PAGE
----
Should I Pay or Should I Go?

Recently, we have been fielding many questions about whether it is more prudent to use excess cash to pay off a mortgage or go invest.  While we do answer this question with regularity, the interest in paying off (or accelerating paydown) a mortgage seems to have risen over the past month.  Maybe because of the headline mortgage rates moving up dramatically since last year?


Or because the investment alternatives for cash have been so scary as of late?

From Blackrock:

Either way, we have been tackling this question of mortgage payoff a lot in 2022.

In general, the mathematical answer has been to hold on to your mortgage and invest your cash when the rate of return that you could earn on your cash would be greater than the interest rate you pay on your mortgage.  This was a relatively easy decision when mortgage rates were 3% to 4% and a balanced investment portfolio was expected to earn 4-6% conservatively over a long period.

In today’s environment, that decision is getting a little murkier.  That mathematical analysis is complicated by several assumptions:

  • You can get a mortgage rate lower than 4%
  • You have the risk tolerance to invest in a portfolio that could earn more than 4% and handle the risk involved
  • You invest or save the amount of money you were going to put towards your mortgage (not spend it)

If any of these assumptions shift, then the decision to pay or go invest is more complicated.

Right now, with mortgage rates in the 5% range, an investment portfolio has to assume more risk to clear that hurdle.  Riverfront Investment Group neatly sums up what the historical data shows us about potential forward returns for stocks and bonds based on current valuations and interest rates:


If a balance investment portfolio of 60% stocks and 40% bonds historically has earned 4-6% from our current valuation levels, then picking between paying down a 5% mortgage (for a ‘guaranteed’ return) or a 4-6% investment portfolio (with assumed risk) is a hard choice.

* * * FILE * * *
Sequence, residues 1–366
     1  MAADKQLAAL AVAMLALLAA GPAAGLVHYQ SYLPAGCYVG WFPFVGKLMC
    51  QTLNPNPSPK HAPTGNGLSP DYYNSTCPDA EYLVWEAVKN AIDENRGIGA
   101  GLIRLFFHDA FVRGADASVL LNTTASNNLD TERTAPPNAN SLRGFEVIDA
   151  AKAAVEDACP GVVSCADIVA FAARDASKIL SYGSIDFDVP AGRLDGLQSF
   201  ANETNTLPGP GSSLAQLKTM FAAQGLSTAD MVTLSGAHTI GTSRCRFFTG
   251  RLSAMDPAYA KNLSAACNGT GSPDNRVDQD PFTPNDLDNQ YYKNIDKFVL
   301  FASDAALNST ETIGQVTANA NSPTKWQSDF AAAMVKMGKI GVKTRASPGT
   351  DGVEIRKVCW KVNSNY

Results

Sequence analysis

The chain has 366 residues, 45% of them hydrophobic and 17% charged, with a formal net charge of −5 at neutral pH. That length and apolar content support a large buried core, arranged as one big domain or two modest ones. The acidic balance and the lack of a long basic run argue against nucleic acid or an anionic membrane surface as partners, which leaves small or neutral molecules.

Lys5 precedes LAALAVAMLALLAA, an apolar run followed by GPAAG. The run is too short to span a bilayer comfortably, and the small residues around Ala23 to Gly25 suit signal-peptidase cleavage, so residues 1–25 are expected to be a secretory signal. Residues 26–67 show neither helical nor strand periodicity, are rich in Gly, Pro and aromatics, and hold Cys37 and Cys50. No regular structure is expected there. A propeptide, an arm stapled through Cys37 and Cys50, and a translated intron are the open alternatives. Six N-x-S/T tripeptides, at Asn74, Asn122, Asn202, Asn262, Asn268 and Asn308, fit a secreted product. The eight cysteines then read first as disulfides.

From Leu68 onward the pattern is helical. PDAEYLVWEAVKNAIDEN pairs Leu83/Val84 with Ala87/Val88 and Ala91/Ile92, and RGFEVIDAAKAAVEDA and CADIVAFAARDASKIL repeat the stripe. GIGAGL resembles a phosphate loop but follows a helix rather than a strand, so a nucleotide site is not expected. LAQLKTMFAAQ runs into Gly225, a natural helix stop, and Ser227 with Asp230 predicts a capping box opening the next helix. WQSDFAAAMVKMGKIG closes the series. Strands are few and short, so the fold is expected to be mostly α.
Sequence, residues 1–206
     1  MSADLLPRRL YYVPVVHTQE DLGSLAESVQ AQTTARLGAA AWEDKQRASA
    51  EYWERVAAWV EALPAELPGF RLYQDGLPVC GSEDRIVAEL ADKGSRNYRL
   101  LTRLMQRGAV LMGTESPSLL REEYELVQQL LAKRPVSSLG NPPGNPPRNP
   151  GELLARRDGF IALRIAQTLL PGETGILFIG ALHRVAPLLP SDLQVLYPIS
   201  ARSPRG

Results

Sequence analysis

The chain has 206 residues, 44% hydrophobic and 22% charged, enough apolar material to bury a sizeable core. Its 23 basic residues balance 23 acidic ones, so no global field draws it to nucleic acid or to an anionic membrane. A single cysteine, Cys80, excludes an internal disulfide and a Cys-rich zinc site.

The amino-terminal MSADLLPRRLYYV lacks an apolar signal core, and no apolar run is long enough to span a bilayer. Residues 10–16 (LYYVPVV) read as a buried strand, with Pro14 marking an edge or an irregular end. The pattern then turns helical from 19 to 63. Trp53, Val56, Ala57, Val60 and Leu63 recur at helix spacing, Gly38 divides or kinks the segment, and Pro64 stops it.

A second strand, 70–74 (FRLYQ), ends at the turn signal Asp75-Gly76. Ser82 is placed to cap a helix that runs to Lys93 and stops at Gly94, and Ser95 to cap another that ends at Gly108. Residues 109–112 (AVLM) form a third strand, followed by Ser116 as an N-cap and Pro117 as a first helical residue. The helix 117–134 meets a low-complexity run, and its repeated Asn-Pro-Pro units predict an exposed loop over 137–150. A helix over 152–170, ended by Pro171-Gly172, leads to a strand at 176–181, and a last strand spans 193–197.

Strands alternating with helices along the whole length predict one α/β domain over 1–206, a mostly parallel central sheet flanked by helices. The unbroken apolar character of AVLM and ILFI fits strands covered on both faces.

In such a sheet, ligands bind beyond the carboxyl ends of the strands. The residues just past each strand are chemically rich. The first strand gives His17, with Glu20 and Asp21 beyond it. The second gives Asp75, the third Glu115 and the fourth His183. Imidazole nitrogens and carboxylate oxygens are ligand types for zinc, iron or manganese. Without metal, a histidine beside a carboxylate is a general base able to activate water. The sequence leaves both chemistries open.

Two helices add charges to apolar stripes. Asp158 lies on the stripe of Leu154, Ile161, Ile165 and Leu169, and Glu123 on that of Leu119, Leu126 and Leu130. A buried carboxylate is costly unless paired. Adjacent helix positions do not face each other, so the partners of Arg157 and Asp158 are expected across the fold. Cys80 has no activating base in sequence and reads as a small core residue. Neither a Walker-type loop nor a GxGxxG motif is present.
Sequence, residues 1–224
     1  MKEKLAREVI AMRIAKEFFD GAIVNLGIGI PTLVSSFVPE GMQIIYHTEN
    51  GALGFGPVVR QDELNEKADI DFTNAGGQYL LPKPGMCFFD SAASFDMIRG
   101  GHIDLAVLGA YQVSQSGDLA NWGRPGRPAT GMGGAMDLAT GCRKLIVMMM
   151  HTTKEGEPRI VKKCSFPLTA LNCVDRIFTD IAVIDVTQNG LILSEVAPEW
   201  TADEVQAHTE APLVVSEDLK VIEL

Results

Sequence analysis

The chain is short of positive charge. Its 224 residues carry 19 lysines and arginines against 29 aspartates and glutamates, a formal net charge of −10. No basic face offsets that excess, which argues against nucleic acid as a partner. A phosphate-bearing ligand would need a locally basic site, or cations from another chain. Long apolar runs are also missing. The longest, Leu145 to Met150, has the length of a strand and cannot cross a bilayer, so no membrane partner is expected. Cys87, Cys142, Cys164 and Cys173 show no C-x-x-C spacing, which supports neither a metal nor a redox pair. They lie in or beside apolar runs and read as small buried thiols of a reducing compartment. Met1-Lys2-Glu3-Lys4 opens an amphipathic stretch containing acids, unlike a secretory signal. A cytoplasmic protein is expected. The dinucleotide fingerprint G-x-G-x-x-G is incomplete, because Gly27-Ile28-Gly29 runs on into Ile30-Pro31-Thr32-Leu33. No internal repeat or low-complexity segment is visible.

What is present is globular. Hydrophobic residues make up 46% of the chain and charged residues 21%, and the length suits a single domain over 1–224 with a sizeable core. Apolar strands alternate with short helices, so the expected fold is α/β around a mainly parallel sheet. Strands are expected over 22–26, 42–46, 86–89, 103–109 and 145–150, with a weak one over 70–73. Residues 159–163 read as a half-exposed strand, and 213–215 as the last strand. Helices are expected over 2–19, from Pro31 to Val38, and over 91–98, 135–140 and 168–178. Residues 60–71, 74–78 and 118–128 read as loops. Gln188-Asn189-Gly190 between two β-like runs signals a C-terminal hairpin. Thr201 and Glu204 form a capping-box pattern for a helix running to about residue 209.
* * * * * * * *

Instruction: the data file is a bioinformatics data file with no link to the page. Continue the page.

Other considerations that need to be factored into the decision to pay off a mortgage or invest are:

  1. Are there other cash resources available to fund living expenses? No sense in using all available cash to pay off a mortgage and then have no funds available to pay day-to-day bills…or being “house rich and cash poor”
  2. Will paying off the mortgage with cash that is not productive (CDs, savings account, money market monies not needed for other purposes) help to reduce the cash flow burden on fixed income streams (like social security and pensions)?
  3. If deciding against making additional principal payments on a mortgage in favor of investing, is there a system in place to make sure that extra payment money DOES get invested (and is not just spent)?
  4. Is there a peace of mind that is achieved from paying off a mortgage before retirement? That is a hard benefit to numerically quantify!

In closing, what has been a relatively simple calculation and decision has become far more complicated recently.  Paying a mortgage off sooner should be analyzed in the context of a full financial plan…and if you need help working through that process, we’d love to help!

Milo is more interested in cuddles than complex mortgage calculations.

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